November 30, 2005

O Best Beloveds, today I had my final test (plus the blood draw to see if my blood count is up to chemo snuff for tomorrow: I haven’t heard that it’s not, so I guess it is), a bone scan. Now, I have had this, along with the PET and CAT, every six months since 2001, and it is one of the easier ones–a simple shot of something radioactive in the arm, back in two hours, lie still for 45 minutes, and that’s that. It’s administered by Mabel, a laughing, joking woman who installed a CD player a couple years ago at my request, so I could at least listen to something other than the blood rushing through my head.

When I had the test last, five months ago, there was something strange about Mabel. She neither joked nor smiled nor laughed. She went through the instructions an automaton. I asked her if anything was wrong and she said, curtly, “No.” Though it was clearly not true.

On Monday, when I was visiting with the Breast Center gang, and mentioned going upstairs to have the Muga, one of the nurses said “Have you heard about Mabel?” No, I said, but interesting that you asked. “Her youngest daughter, a freshman at Berkeley, was killed. She was a motorcycle rider and they found her one night, by the side of the road.” When was this? “About a year ago. Mabel’s a totally different person. She’s just a shell.”

Some places are so dark even Orpheus can not lead you back.

And yet, there was also this: as I waited for my blood draw, an older woman sat next to me, and struck up a conversation about how cold it was in the room (a notable feature of Norris, which is nothing if not Arctic). She was waiting for her chemo, and was a bit worried about how chilled she might be before they got to her. I offered to get her a blanket, but she declined. I asked her if she was anxious about chemo, and she said “Oh, no. I’ve been doing it for six and a half years now.” Really? “Yes. I was doing it once a month, but now they want me to do it once a week. Oh, well. You have to do what you can. I’m 86.” And even as I fell madly in love, her burly 40-something son joined her, and began reading the sports section to her. “Now, A Rod–is he really worth that much?” she asked him. “No one is worth that much,” he said, and they began a vigorous discussion of why minor league ball, and, indeed, Little League, so much superior to over-priced MLB. As I took my leave, rather reluctantly, I said “Have fun!” instinctively, and then felt ridiculous, only for Son to beam “Oh, we always have fun on chemo day!” And I fell madly in love all over again. Oh, how I long to be both of them, right now, together.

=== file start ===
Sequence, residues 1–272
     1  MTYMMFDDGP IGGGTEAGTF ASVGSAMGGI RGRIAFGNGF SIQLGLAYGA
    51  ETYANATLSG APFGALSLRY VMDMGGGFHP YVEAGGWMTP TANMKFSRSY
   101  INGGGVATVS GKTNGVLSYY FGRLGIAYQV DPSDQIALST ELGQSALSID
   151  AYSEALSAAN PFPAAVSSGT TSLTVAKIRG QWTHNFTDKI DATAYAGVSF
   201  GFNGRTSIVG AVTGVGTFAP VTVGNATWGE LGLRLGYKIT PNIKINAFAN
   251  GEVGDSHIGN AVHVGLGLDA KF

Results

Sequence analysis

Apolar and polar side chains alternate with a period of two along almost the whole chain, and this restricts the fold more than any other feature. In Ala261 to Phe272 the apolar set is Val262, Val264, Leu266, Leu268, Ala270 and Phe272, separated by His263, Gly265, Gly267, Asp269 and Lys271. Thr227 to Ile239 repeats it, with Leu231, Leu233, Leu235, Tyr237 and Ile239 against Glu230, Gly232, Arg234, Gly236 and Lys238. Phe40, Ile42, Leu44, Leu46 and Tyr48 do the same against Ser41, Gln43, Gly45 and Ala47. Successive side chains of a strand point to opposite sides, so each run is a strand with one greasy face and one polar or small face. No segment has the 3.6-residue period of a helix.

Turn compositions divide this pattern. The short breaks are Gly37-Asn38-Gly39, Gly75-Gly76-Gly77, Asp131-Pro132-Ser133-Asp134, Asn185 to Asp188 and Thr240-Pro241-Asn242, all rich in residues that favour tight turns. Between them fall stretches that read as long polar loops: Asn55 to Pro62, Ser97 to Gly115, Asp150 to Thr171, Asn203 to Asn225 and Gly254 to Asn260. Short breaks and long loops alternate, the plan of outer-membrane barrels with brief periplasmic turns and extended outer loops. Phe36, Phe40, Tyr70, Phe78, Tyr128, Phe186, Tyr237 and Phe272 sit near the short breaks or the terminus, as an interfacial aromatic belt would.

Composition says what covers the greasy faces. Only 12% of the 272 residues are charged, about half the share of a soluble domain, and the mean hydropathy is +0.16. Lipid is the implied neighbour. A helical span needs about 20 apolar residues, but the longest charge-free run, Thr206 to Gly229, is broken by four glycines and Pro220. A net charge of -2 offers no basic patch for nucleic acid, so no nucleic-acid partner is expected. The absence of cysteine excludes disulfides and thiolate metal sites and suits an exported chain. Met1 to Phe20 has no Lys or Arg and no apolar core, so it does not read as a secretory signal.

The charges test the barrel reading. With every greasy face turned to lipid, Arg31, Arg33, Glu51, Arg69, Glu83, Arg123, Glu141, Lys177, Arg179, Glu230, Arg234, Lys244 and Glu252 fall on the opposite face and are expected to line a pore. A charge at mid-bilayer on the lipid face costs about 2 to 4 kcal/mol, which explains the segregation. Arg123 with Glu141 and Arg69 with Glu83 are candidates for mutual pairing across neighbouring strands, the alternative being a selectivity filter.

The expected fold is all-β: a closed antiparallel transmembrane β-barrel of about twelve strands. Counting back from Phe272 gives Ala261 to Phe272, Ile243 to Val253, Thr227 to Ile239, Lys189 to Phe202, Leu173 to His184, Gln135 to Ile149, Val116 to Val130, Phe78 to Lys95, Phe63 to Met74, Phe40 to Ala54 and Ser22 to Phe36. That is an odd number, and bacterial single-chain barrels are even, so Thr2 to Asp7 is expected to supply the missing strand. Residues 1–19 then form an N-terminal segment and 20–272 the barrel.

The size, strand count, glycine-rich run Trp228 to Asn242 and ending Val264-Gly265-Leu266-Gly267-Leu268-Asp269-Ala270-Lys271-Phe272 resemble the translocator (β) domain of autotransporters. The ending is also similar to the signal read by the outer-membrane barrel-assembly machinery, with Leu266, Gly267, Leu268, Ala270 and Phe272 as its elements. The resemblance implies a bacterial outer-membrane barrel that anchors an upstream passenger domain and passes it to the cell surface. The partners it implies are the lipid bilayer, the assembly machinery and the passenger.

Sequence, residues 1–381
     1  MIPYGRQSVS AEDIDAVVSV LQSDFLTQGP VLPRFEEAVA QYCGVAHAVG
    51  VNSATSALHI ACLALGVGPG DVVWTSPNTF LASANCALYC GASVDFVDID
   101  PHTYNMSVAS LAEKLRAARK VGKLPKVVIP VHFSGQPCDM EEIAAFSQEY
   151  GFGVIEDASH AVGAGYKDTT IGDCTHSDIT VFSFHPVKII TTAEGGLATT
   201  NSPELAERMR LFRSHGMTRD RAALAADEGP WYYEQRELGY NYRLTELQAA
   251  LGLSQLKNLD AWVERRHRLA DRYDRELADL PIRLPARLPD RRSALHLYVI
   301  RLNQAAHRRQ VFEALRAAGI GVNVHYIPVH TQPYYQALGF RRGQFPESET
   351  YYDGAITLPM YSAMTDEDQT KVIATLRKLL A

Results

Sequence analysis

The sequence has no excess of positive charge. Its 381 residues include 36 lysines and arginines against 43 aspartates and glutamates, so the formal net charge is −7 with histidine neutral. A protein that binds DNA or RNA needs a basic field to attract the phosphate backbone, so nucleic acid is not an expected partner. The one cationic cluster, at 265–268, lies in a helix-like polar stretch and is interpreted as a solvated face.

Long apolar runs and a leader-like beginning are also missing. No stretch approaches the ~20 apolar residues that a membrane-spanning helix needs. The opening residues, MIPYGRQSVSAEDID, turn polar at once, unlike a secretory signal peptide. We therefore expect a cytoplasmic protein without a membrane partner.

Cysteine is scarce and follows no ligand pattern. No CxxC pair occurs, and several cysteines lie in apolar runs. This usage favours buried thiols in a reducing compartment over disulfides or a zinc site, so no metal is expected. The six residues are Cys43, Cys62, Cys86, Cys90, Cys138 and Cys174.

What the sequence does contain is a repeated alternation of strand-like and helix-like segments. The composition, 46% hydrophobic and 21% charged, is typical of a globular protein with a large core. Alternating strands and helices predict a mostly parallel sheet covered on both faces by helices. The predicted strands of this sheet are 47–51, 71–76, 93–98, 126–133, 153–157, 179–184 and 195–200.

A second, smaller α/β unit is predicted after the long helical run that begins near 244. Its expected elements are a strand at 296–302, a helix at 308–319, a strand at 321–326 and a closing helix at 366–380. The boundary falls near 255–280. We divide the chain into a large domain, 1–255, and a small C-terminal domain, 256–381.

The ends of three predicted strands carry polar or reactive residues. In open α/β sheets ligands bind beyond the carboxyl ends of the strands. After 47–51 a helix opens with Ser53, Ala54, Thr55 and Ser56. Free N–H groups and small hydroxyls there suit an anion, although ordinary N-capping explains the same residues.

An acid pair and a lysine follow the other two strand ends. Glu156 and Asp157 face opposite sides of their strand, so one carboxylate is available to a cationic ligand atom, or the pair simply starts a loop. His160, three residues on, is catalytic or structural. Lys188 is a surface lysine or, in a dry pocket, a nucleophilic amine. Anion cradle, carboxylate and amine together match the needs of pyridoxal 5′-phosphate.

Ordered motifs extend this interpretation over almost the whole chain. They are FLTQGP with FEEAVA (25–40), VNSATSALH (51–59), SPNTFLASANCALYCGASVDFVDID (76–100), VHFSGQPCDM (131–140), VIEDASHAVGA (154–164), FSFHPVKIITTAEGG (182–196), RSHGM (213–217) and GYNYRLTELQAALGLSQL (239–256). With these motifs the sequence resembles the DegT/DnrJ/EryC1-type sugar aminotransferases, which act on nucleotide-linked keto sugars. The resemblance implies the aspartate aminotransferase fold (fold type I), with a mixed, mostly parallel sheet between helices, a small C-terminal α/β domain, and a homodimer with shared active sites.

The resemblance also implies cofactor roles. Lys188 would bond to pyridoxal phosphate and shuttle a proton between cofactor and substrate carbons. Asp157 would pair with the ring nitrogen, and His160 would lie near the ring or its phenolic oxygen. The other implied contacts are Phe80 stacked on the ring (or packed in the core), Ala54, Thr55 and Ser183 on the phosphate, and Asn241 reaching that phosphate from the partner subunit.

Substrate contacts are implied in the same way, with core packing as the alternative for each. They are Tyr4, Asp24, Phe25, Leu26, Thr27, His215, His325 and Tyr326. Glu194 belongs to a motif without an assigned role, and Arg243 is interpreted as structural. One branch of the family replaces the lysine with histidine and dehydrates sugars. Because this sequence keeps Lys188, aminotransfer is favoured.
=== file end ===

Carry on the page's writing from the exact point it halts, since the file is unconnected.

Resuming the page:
But first, there is Thursday. I’ll report from the other side.

The view from here,